The bilateral cooperation is not targeted at China, as you posited, or any specific third country.

QUESTION: I have a question for Prime Minister Singh. It follows the previous question related to the US-India civilian nuclear deal. As Prime Minister Aso just said, I understand that India is eager to pursue Japan-India atomic energy cooperation while Japan regards it as premature. Please elaborate on what the Indian side expects from Japan.

PRIME MINISTER SINGH: Ladies and gentlemen, we are very grateful to the Government of Japan for the support it has extended to us in civil nuclear cooperation in the forum of the International Atomic Energy Agency, as well as the Nuclear Suppliers Group.

It is our sincere desire to strengthen and develop our cooperation with Japan in civil nuclear energy. But I do recognize the sensitivity of this issue in Japan, and therefore I mentioned to His Excellency the Prime Minister that we will move at a pace at which the Japanese government and people are comfortable with.

QUESTION: My first question to you, Prime Minister Aso. Your business leadership and your political leadership including yourself has spoken about a strategic economic partnership with India. However, why are Japanese businessmen so nervous about investing in India and doing trade with India? And also, on the Economic Partnership Agreement, why is your government preventing market access for Indian companies?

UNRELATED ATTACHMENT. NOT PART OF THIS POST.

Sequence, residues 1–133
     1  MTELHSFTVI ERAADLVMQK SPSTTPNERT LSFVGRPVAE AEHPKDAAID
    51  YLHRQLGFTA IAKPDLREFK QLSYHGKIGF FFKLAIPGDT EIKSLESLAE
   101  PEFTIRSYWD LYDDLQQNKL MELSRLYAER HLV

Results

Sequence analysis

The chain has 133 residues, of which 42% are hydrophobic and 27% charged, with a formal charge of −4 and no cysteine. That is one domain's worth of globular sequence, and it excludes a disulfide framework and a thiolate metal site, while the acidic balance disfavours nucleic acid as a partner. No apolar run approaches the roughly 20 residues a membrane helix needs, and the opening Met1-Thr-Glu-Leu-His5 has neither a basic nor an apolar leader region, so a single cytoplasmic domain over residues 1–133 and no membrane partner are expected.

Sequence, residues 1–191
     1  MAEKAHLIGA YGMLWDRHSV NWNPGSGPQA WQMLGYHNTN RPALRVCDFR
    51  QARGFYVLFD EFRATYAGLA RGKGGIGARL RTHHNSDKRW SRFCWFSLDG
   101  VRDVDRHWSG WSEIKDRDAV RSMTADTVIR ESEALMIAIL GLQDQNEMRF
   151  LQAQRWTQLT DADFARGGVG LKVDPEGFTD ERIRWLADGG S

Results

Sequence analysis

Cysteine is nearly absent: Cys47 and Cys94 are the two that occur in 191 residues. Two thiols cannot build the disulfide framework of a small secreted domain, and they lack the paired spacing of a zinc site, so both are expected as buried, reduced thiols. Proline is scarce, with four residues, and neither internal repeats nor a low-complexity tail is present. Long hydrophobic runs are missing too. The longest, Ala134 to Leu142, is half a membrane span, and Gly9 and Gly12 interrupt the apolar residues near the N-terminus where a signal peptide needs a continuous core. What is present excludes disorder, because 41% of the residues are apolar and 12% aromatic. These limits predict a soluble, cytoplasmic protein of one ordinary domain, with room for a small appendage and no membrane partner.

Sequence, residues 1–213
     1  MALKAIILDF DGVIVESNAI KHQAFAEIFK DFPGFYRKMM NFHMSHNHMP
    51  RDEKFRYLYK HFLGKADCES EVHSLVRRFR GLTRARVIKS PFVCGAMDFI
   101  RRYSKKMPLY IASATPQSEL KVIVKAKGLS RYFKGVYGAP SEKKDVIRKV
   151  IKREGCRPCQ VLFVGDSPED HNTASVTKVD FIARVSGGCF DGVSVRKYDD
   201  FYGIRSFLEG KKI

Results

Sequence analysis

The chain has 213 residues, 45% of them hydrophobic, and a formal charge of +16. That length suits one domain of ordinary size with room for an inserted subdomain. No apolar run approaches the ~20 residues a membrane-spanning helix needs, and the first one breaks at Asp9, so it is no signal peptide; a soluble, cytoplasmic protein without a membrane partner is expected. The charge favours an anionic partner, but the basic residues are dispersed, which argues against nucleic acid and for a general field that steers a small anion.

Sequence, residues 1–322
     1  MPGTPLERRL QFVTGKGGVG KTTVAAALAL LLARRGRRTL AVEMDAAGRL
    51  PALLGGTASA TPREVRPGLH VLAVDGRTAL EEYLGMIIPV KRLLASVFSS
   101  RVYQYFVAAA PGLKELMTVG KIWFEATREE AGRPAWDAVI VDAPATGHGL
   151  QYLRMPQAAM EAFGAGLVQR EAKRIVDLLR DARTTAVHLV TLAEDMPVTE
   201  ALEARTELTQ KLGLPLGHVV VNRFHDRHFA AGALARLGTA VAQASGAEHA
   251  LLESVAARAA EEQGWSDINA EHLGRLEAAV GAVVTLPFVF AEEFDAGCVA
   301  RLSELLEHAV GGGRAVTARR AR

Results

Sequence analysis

And also, to you Prime Minister Singh -- sir, you are going to China from here tomorrow, to participate in the Asia-Europe Summit Meeting. Do you think that India's strategic economic partnership with Japan is a signal to China and to the rest of the world that a new Asian economic order is in the offing? Thank you.

PRIME MINISTER ASO: I would like you to keep the following figures in mind: during the past five years, Japan's investment in India has increased tenfold, and the number of local entries of Japanese companies has doubled. It took 50 years to see 100 Japanese companies in New Delhi, but only another three years to have 200. Please keep in mind these figures, which testify to the drastic changes [in Japan-India economic relations] widely felt by Japanese businessmen involved in India.

With regard to a Japan-India EPA, please recognize the fact that it is also moving forward, though we still have some challenges to overcome.

PRIME MINISTER SINGH: Ladies and gentlemen, economic partnership and security cooperation between India and Japan are not at the cost of any third country, least of all China. I have explained on several occasions in India, in China, as well as abroad, that I sincerely believe that there is no competition between India and China. The world offers enormous scope for both our countries to realize their development ambitions.

So there is no question at all regarding the economic partnership agreement of India with Japan being at the expense of any other third country, least of all China.